The Way Forward There are two major obstacles that will potentially prevent the Network from fully realizing our objectives. These are: 1. Lack of Finances 2. The Language Barrier between English and Spanish-speaking countries Funding. Despite the innovative decision taken at the 1999 Annual Conference held in Mexico, that members would make a set annual contribution in cash or kind, and despite the fact that most members have complied, the Network continues to be plagued by a shortfall in funding. This problem needs to be addressed in order to realize important goals, such as the increased staging of workshops and internships, since greater funding is necessary to cover costly air travel, accommodation, and other expenses. Language. The Social Network has managed to surmount differences such as country population sizes, culture, and agency type, however, the language barrier remains a significant one. This barrier has had a detrimental effect on the effectiveness of the Network, since as a result:  Best practices are not disseminated as widely as would be desirable, if the relevant documents are not translated,  Information concerning upcoming training opportunities and events are not accessible to all interested persons, and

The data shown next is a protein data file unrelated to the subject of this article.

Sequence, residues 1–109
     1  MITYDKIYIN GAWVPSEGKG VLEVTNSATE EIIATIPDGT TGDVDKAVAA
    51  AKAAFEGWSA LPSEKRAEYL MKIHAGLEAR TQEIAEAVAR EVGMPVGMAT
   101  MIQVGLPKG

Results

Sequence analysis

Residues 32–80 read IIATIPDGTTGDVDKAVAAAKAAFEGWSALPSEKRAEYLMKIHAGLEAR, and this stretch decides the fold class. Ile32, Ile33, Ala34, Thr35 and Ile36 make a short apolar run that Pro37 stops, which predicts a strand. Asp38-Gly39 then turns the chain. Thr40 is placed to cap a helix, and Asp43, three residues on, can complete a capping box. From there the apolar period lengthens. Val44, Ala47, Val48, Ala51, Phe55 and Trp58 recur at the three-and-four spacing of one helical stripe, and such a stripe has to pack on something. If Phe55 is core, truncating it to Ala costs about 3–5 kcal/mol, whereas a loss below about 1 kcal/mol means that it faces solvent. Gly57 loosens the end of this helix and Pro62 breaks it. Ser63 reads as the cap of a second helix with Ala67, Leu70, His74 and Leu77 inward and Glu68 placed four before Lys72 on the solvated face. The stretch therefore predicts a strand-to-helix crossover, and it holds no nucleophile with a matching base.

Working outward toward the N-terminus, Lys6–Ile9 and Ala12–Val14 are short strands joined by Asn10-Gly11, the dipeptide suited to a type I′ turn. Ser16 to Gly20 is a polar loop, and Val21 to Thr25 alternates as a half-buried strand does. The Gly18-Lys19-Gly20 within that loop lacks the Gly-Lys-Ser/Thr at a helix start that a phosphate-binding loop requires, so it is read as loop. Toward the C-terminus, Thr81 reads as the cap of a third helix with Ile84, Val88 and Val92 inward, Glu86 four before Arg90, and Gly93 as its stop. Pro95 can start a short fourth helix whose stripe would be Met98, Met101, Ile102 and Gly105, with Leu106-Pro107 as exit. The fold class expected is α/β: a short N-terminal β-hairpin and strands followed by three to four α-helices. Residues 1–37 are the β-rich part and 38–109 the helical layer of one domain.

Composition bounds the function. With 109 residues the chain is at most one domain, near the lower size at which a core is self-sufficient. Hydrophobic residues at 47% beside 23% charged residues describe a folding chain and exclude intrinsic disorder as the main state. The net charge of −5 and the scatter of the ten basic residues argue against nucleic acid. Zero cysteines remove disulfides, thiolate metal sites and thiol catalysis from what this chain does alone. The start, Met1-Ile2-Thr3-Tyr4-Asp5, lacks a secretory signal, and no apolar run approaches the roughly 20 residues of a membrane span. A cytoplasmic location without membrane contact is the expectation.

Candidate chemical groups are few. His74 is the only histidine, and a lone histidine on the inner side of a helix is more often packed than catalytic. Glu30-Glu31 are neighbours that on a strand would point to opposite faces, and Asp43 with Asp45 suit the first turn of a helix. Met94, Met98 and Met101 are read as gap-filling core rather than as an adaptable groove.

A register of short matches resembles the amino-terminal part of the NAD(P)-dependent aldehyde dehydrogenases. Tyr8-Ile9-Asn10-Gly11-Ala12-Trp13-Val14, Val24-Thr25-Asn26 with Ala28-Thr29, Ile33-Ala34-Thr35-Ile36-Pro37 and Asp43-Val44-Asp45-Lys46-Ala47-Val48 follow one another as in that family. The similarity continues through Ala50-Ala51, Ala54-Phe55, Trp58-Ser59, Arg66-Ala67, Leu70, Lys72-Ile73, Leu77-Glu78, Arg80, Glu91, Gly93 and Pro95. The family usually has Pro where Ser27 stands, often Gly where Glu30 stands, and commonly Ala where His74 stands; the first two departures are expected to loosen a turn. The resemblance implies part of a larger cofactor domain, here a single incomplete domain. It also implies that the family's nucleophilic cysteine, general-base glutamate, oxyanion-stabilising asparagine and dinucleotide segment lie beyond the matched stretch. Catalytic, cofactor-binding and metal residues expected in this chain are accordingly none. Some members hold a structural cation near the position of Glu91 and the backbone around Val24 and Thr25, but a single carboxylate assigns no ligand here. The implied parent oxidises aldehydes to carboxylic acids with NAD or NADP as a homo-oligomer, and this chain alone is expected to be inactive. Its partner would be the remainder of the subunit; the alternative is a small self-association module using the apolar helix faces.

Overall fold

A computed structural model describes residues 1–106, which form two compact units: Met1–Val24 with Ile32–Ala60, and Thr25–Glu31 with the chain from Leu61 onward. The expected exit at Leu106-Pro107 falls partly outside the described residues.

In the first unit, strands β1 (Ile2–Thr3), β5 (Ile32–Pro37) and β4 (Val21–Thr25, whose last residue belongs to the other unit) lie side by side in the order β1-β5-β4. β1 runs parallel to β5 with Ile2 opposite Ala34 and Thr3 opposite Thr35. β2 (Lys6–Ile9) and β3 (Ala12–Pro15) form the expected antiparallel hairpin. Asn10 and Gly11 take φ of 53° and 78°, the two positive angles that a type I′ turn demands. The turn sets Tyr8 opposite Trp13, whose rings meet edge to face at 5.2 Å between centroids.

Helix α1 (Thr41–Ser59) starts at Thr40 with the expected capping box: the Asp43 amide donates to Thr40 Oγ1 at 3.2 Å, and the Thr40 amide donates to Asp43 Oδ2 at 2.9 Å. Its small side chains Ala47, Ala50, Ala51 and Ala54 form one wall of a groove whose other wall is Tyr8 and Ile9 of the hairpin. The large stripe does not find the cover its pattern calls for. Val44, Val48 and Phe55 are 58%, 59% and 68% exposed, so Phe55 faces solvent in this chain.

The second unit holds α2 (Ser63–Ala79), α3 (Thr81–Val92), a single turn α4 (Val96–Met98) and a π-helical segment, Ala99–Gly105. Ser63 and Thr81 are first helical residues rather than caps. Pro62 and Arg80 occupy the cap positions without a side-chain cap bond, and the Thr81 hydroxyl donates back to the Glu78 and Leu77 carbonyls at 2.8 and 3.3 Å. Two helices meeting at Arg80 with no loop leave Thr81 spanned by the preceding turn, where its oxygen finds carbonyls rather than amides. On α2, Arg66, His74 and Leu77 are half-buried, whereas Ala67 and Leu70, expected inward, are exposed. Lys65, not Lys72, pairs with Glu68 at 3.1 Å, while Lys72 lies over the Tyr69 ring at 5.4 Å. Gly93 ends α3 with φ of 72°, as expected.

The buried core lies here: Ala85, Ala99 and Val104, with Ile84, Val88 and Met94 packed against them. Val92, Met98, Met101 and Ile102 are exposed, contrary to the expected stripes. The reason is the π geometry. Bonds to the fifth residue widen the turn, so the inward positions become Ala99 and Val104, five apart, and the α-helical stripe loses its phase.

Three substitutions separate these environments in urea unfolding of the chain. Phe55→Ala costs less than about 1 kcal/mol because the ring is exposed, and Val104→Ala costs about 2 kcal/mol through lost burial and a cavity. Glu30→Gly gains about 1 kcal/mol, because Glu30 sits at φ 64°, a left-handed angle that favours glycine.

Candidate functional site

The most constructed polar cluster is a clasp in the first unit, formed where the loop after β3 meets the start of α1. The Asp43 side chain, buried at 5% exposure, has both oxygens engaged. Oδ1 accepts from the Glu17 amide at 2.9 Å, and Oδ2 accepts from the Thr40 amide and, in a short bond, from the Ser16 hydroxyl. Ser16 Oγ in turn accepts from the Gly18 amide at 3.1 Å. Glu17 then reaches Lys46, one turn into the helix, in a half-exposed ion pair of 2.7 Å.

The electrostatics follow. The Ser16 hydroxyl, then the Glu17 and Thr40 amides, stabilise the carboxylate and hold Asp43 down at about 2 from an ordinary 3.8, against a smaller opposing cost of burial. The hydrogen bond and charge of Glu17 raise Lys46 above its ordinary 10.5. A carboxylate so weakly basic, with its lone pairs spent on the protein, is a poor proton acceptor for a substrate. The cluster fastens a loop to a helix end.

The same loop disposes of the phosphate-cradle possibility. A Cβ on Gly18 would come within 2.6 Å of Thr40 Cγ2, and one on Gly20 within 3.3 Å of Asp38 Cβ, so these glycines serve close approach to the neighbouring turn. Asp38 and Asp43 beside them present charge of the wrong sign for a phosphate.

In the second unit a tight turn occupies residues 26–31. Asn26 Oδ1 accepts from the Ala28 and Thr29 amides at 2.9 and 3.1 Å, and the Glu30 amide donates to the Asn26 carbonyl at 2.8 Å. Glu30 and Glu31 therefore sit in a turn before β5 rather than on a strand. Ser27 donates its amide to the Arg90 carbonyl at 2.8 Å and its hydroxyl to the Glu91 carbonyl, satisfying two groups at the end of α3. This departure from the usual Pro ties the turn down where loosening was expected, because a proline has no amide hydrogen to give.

English speakers are not able to benefit from training activities geared primarily towards Spanish-speakers, and vice versa.

There is an obvious connection between the lack of funds and the existing problems with language. If available, greater funding could be utilized for interpretation during our various gatherings, translation of documents, and language lessons.

To conclude, the Social Network of Latin America and the Caribbean has provided its member organizations with various opportunities and experiences that have proved beneficial. In order to maximize its impact, there is a need for greater financial and organizational support from regional and international bodies concerned with social development and poverty eradication.